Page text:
July 13, 2020

Life After Stroke: What to Expect During Recovery & Rehab

stroke rehabilitation

A stroke happens when blood flow to any part of the brain stops due to blood clots or broken blood vessels. Each year, more than 795,000 Americans have a stroke and nearly one in four strokes happen to those who’ve had a previous stroke. Strokes can cause significant impairment in your language, cognition, motor, and sensory skills. This is why stroke is considered to be a leading cause of serious long-term disability. Depending on the severity of your stroke, it can take years to recover.

When you start rehabilitation, the goal is to help you relearn the skills you lost when a stroke affected part of your brain. With hard work and patience, stroke rehabilitation can help you get your independence back and improve your quality of life. Here we’ll go over the physical effects of stroke and why it’s so important to get rehabilitation as soon as you’re able.

Stroke Recovery Timeline

It’s important to note that stroke recovery is different for everyone. Depending on the severity of your stroke and the part of your brain that’s affected, your doctors can only estimate the time it’ll take to recover.

Day After Stroke

Once you’re at the hospital, doctors will stabilize your condition and determine what kind of stroke you had. If your stroke was caused by a blood clot, clot-busting medication can help reduce long-term effects as long as you’re treated in time. Depending on the severity of your stroke, you may have to spend time in intensive care or acute care.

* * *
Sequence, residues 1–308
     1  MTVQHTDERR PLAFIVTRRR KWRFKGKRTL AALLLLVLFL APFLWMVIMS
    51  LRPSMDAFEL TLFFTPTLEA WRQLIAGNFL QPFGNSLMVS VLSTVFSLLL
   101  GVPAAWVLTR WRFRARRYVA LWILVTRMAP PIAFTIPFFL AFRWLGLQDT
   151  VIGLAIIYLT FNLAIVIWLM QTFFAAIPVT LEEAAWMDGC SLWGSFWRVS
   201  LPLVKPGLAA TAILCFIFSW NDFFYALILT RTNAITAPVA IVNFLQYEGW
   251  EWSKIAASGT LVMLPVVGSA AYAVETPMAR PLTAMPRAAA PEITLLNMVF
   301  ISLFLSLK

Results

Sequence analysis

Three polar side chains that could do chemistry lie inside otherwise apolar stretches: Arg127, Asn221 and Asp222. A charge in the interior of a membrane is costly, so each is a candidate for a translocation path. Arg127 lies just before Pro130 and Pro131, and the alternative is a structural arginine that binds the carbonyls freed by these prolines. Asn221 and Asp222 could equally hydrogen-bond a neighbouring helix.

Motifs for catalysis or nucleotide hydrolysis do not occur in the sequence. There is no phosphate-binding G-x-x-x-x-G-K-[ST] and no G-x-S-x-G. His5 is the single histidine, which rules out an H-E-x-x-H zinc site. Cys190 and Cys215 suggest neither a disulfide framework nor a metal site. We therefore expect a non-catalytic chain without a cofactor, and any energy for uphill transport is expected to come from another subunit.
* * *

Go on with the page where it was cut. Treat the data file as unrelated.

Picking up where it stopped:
Rehabilitation can begin as early as 24 hours after your stroke. Your rehabilitation team, which includes neurologists, physiatrists, occupational therapists, speech-language therapists, and nurses, will discuss your condition and, if possible, will begin treatment within the first day or two.

5-6 Weeks After Stroke

This is the most intensive part of your stroke recovery. During this time, you’ll go through inpatient or outpatient therapy, depending on your condition and accessibility to a rehabilitation center. You’ll receive intense physical and occupational therapy five to six days a week.

3 Months After Stroke

During this time, you’ll see the most improvement, and gains may happen quickly over time. Some stroke survivors continue to improve after this period. If your brain stem was affected, though, your stroke recovery could take a year or longer.

6 Months After Stroke

While your recovery is more rapid during the first three months, the majority of your recovery will happen within the first six months after your stroke. How much you improve during this period will rely heavily on your effort and support of your family, friends, and doctors.

1-2 Years After Stroke

If your stroke resulted in aphasia, which happens in 25-40% of stroke cases, it can take up to two years to fully regain your speaking ability.

Stroke Rehabilitation

Researchers have found that stroke patients who participate in a focused rehabilitation program perform better than those who don’t. There are many approaches to stroke rehabilitation and your plan will depend on the parts of your body or type of ability affected. Some of the questions you may have about stroke rehabilitation are outlined below.

When Should I Begin Stroke Rehabilitation?

The sooner you start, the more likely you are to regain lost abilities and skills. Usually, stroke rehabilitation starts 24-48 hours after your stroke while you’re still in the hospital.

How Long Does Stroke Rehab Last?

This is determined by the severity of your stroke and the related complications. Some people recover quickly, but most will need some form of long-term stroke rehabilitation, which can last for months or years. As you relearn skills and abilities, your recovery plan will change and you can still continue to make gains over time.

Where Does Stroke Rehabilitation Take Place?